Secure Around Flotation Equipped (SAFE) Boat 256610 will be officially dedicated to use by United States Coast Guard Auxiliary Station Seward on May 17. The 10 a.m. ceremony at the Seward Boat Harbor south boat ramp in Alaska will includ music by the Air Force Band of the Pacific brass quintet and followed by orientation rides on the vessel and tours of the U. S. Coast Guard Cutter Mustang.
The 25-ft. vessel, formerly assigned to Coast Guard Station Ketchikan
, was delivered in August 2002 to AUXSTA Seward. The SAFE boat, like its sister vessel SAFE Boat 256611 assigned to the Auxiliary in Whittier, will primarily serve in a 40-mile radius from Seward, supporting the Coast Guard in search and rescue. Both boats are owned by the U.S. Coast Guard and operated by trained and qualified Coast Guard Auxiliary members.
The addition of “Auxiliary Vessel 610," as it is known to the Auxiliary, will greatly enhance the capabilities of AUXSTA Seward. This fast boat is equipped with state of the art electronics and is well designed for small boat towing. Initially it will be operating a weekend safety patrol schedule during the boating season
AUXSTA Seward was officially established in 1999, the same year that the Seward Flotilla was chartered. The AUXSTA serves as a multi-flotilla center for Coast Guard Auxiliary operations on the southeast side of the Kenai Peninsula, from Cloudy Cape to the east, Cape Pudget to the west, and south to Seal Rocks.
Auxiliary coxswains and crew are trained to the same small boat standards as active duty Coast Guard members. In the past, AUXSTA Seward has relied on privately owned boats to undertake safety patrols and SAR missions. Like all members of the USCG Auxiliary, the boat owners and operators are civilian volunteers who work regular jobs during the week. These volunteer lifesavers and their boats come to Seward from five flotillas - Seward, Anchorage, Whittier, Mat-Su and Kenai. The volunteers dedicated in excess of 4,000 hours during the summers of 1999-2001 to meet the demanding challenges of safety patrols and SAR operations in Resurrection Bay and the surrounding waters. During this same timeframe, the Auxiliarists performed 46 SAR cases involving 161 boaters and property valued at more than $2.9 million.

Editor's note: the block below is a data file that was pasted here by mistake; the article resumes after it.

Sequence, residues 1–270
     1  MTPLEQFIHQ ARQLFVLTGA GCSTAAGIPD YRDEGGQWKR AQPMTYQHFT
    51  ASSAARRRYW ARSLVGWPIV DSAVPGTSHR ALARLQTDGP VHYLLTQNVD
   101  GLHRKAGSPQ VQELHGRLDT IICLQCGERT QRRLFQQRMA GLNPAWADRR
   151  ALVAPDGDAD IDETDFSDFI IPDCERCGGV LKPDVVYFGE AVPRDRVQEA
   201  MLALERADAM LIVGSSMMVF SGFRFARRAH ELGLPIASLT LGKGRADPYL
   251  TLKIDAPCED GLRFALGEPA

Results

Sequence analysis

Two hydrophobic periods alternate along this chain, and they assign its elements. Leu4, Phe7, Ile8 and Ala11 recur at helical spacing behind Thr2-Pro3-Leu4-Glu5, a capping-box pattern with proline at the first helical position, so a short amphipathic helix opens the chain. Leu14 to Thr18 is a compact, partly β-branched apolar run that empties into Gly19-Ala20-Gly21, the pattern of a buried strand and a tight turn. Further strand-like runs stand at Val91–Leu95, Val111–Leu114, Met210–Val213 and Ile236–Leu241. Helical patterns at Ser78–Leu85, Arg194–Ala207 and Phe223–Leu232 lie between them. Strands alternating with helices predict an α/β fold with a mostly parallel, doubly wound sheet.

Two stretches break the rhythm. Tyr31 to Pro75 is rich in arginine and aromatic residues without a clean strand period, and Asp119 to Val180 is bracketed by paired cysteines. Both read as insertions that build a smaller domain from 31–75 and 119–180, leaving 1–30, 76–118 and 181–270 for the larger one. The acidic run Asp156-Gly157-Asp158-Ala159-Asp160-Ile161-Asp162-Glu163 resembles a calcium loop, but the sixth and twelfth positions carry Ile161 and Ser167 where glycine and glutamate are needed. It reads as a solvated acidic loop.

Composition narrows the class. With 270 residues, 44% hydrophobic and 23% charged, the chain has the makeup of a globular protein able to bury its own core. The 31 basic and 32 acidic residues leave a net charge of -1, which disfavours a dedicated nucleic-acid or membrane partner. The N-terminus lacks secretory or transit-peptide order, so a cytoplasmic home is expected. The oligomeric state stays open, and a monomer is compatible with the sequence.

As the Seward Flotilla grows and is capable of providing a greater portion of the trained personnel, it is expected to assume a larger responsibility for the AUXSTA and SAFE Boat operations. This will facilitate the addition of weekday emergency response and the extension of operations into the spring and fall seasons.
The proposal to man SAFE boats with Alaska Auxiliarists was based on observations of the success of Canadian Coast Guard (Pacific) search and rescue vessels used in British Columbia. Among the guests expected at the ceremony is Malcolm Dunderdale, vice president, Canadian Coast Guard Auxiliary
- Pacific. Other attendees are Capt. Michael Neussl, chief, search and rescue branch, District 17, U. S. Coast Guard; Lt. Cmdr. Chris Honse, director of Auxiliary for District 17, Lt. Brian Anderson, commanding officer
of the Mustang; Commodore Gary Taylor, leader of the state’s 400 Auxiliarists; and Stu Clark, mayor of Seward.